Everything involving Endor annoys me to no end. I hate the Ewoks, the Empire is made to seem like buffoons, and Han and Leia don’t actually do much. The only things I liked from that entire part of the movie are the Speeder Bikes because they were new and made for some decent chase sequences. 

Han Solo was supposed to die in Empire and it shows, since he’s completely useless in this movie. 

The reason I’m still ranking it this high, though, is because of everything that takes place on the Death Star. Luke has spent the last 3 years training after getting the living shit kicked out of him by Vader last time, and the movie does a fantastic job building up the tension to their final confrontation. 

And speaking of their final confrontation, this is easily one of my favorite fights in the entire franchise, and it has very little to do with the actual lightsaber dueling. 

While in the throne room, Darth Sidious and Vader take turns taunting Luke until he explodes with anger and completely overwhelms his father using sheer fury. But when he realizes that he’s doing exactly what the Emperor wants by continuing his family’s cycle of hatred and anger, he stops himself, thus completing his transition into a Jedi. 

Pretty sweet, if you ask me. 

Also: while I generally dislike every special edition edit that’s been made to the original trilogy, I absolutely LOVE the second victory celebration song.

 

 

Solo: A Star Wars Story

It took a lot for me to watch this movie, since I was completely against its creation at first. 

I wasn’t interested in learning how Han got the Millenium Falcon, how he met Lando, or what happened during the Kessel Run. After all, the Kessel Run was only ever referenced in a throwaway line to illustrate how fast the Falcon is. It was never a big part of the lore and I think people pay way too much attention to small details like that.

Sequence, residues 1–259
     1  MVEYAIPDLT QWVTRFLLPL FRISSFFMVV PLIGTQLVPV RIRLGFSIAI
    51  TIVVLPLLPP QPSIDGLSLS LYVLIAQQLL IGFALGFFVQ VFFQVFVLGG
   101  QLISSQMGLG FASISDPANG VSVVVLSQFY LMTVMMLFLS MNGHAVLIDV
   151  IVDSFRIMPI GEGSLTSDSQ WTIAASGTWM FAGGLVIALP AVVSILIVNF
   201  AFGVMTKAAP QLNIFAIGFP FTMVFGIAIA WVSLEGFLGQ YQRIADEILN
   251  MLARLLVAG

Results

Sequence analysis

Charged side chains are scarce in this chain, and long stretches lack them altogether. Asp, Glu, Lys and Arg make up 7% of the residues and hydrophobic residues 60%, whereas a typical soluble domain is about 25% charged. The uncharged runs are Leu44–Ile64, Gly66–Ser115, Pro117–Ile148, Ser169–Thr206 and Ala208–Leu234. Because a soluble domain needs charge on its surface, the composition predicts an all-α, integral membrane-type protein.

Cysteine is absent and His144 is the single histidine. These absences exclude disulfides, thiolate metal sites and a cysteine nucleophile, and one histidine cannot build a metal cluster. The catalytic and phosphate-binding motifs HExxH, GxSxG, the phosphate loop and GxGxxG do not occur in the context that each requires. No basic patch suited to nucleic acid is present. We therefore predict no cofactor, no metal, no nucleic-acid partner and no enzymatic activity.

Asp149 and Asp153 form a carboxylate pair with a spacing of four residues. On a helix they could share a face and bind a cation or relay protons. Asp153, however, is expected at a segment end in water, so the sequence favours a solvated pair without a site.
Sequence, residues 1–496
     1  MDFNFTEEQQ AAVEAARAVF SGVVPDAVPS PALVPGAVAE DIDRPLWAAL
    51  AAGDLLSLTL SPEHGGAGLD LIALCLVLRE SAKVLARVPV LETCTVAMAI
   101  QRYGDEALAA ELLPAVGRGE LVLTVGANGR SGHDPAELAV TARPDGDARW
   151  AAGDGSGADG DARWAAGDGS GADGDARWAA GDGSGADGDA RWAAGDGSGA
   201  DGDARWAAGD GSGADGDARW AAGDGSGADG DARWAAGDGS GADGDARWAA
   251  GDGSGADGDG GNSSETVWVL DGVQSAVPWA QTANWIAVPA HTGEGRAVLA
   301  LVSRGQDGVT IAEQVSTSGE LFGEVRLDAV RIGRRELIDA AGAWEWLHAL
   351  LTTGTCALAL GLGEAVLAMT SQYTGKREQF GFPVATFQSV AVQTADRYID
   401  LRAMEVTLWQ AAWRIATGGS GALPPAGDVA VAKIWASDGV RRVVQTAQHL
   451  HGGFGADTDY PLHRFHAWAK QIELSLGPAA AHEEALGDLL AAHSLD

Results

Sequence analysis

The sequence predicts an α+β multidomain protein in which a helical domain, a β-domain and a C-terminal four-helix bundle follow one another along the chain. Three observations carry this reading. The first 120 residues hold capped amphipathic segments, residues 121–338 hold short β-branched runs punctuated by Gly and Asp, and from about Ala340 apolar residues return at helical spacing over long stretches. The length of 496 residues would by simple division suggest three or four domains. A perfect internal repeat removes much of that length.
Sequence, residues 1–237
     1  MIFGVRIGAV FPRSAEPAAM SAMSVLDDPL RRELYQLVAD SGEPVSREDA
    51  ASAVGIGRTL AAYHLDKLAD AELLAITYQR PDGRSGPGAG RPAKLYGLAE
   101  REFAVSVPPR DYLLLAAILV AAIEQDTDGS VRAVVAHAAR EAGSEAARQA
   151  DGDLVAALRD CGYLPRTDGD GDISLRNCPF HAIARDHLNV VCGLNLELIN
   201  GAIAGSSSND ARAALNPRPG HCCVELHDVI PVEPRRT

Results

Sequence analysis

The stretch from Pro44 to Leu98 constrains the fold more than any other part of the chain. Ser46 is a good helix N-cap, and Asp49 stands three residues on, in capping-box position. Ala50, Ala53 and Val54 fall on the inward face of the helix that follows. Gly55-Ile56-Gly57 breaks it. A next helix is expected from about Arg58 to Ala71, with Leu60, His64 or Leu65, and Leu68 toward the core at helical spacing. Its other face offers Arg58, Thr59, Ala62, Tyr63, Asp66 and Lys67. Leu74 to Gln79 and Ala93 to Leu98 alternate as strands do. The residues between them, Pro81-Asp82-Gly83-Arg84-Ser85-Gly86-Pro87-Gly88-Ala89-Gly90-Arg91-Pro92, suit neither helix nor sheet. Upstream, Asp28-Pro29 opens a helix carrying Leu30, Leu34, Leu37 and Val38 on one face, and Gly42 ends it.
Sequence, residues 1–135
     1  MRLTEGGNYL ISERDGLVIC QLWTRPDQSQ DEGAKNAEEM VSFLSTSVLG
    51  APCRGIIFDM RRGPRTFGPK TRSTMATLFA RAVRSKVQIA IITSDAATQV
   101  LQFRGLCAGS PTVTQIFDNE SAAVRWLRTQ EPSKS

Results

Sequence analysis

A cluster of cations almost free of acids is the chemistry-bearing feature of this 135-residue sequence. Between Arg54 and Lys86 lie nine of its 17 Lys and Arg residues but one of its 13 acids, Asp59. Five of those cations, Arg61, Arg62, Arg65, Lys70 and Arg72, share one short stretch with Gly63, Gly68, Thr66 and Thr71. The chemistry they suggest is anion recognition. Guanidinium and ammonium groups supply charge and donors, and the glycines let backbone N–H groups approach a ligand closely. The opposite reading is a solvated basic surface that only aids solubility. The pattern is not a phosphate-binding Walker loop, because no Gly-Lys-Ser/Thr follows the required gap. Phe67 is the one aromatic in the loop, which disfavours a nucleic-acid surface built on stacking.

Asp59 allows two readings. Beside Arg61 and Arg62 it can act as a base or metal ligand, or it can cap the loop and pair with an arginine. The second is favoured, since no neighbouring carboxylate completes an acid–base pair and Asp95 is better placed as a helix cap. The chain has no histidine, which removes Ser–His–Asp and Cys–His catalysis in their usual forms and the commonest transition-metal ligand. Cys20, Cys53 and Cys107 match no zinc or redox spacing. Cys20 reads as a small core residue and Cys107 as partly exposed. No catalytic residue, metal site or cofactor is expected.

But man, this movie is so damn fun and enjoyable that it succeeded in making me care about all of the above and have a blast while doing so. 

I think this is the only true standalone Star Wars movie so far. 

Rogue One relies way too much on Episode 4 plot wise, and it’s very limited as a result. 

Solo benefits greatly by being far removed from the Empire, the Rebellion, or pretty much any force-related stuff, since it has the freedom to be really creative and not disrupt the Star Wars canon. 

It actually reminds me a lot of the first half of A New Hope, since it’s about all the outlaw and smuggling business that goes on in the galaxy. The fate of the universe isn’t at stake in this movie, and it is a much more enjoyable experience without that burden. 

We’re left with a fun adventure movie with charismatic leads and a very welcomed expansion to the Star Wars universe. I don’t really have anything else to say about this one besides that it’s pretty good. 

“Pretty good” goes a long way in this franchise considering all the garbage, so it’s getting ranked high. 

 

 

Episode 8: The Last Jedi